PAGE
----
Life is busy, and full of responsibilities. Sometimes, this means having the flow of your writing interrupted by the daily deeds we all must do: full- or part-time jobs, family obligations, errands, home chores, and the ebb and flow of relationships. These common disruptions can throw writers into a spin if they happen when we’re in that productive, near-fugue state that creatives experience “in the flow.” Don’t worry, though. You can preserve your writing “flow” when real life infringes on your writing time.
First, let’s define that flow state. Hungarian psychologist Mihaly Csíkszentmihályi coined the term “flow” to describe a complete and total absorption with a particular activity back in 1975. In his book, Flow: The Psychology of Optimal Experience, Csíkszentmihályi reasons that people are happiest when they are in a state of flow. In this state, people are so involved in an activity that nothing else matters. They go through a period of absorption, engagement, fulfillment, and skill, during which concerns such as time, food, and other obligations are typically ignored.
Sounds like a definition of your best writing days, right?
So, it’s no wonder that having your writing interrupted is a bummer, to say the least. However, there are ways to preserve that flow state so you can step back into it more easily. Here are just two:
First, let’s take a look at the impact of your surroundings on writing flow. I’ve often extolled the virtues of having a specific place for writing, and flow is one of the reasons why. When your flow state gets disturbed, it’s much easier to re-enter it if you can re-create, in detail, your surroundings at the time of your flow experience. This is simple when you’re “flowing” in a space dedicated to writing. And, in fact, a dedicated writing spot can help encourage more episodes of flow, just by association. If, however, you got into a writing groove one morning at the local Starbucks, you can try to regenerate that flow by going back to the same Starbucks, ordering what you ordered when you were in the flow, and sitting at the same table. If you were listening to your favorite tunes, pop your earbuds back in and choose the same (or similar) music.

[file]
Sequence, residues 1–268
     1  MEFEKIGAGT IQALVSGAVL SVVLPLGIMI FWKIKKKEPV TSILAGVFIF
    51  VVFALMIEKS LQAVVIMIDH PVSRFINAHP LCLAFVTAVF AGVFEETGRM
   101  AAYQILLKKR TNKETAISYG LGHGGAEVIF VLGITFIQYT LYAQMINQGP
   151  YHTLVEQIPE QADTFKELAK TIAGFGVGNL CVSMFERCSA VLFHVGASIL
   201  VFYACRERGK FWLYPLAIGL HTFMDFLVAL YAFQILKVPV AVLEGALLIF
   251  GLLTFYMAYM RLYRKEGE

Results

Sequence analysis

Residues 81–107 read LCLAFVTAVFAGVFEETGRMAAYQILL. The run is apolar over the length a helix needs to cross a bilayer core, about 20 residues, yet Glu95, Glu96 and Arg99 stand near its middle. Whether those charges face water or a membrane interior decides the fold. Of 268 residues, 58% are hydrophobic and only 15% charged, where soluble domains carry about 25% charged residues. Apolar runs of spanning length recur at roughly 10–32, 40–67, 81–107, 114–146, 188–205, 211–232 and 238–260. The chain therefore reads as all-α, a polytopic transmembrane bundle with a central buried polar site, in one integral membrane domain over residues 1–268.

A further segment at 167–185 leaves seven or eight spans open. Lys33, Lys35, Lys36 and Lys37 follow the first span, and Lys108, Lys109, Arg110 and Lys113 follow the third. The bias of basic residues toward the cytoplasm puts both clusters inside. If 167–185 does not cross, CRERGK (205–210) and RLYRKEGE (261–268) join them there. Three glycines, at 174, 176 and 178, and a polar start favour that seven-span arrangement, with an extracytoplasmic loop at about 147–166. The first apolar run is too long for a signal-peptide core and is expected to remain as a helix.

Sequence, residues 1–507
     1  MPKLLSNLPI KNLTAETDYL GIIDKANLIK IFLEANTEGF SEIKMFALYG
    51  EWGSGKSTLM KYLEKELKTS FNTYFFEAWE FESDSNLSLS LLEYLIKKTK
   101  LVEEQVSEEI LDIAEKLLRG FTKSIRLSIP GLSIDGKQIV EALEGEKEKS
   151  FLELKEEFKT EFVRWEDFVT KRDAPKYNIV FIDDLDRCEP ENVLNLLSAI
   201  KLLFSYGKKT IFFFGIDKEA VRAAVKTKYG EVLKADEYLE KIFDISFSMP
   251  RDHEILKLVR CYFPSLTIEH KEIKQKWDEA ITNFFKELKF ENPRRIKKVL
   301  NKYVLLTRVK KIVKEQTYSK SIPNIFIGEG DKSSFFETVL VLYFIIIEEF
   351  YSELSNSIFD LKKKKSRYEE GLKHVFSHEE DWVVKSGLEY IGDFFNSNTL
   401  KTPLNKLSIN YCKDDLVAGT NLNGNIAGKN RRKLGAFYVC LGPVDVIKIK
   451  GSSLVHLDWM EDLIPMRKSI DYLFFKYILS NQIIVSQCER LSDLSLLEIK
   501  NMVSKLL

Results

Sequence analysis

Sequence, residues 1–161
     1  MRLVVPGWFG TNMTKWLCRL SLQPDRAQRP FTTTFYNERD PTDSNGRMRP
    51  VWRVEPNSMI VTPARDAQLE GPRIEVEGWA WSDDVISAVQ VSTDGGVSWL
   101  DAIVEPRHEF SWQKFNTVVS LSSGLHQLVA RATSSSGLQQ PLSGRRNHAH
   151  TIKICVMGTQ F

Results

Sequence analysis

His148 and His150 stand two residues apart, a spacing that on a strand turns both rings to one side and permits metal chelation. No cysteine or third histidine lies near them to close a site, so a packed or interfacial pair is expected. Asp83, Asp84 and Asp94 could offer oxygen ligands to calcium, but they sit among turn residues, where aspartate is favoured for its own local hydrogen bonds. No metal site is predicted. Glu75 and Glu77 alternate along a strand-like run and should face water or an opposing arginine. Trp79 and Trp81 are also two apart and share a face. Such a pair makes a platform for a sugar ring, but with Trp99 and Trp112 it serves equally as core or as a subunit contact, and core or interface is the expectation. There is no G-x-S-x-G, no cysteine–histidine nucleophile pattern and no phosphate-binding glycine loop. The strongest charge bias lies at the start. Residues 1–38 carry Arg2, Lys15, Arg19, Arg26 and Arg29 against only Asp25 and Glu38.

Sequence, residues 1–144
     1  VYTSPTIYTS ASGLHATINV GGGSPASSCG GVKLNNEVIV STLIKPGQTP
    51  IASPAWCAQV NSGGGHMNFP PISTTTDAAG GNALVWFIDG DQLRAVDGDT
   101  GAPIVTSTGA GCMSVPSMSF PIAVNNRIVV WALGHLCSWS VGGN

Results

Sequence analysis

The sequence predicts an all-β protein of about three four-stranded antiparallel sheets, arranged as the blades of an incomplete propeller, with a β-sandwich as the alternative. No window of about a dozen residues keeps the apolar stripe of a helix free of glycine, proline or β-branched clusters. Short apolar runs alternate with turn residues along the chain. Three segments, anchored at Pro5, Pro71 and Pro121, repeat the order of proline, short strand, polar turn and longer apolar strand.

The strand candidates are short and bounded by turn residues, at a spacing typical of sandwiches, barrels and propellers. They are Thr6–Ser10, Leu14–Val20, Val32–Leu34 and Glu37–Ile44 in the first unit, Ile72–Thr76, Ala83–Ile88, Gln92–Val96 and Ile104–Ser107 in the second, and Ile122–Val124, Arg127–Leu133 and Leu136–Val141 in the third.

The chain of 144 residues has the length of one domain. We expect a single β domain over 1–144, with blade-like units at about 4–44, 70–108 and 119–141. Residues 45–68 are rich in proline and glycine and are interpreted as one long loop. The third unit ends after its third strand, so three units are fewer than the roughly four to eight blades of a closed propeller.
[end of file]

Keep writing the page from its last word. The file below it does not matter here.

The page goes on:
One of the hallmarks of being in the flow is extreme focus. Focus, and a way to bring about focus, is different for every writer. In general, though, you need to remove all distraction from your writing area. Turn off cellphones and TVs. Tell other people to steer clear. Take care of any extraneous errands or chores that might be weighing on your mind, keeping you from focusing. Then, add in those elements that help you focus. For some, music is critical for focus; for others, it’s a distraction. Some focus well with bright lighting; others with low, ambient light. Time of day can be critical for focus, too. Some writers are night owls, feeling their best and brightest in the wee hours, while others can’t concentrate after 2 pm. Knowing yourself well, and knowing the things that help or detract from your ability to focus, is the key to recovering the flow after an interruption.
So, the next time your flow is disrupted by homework-laden children, a rambunctious pet, or an urgent phone call, don’t despair. Get that magnum opus flowing again with these simple adjustments!
See you on the next page!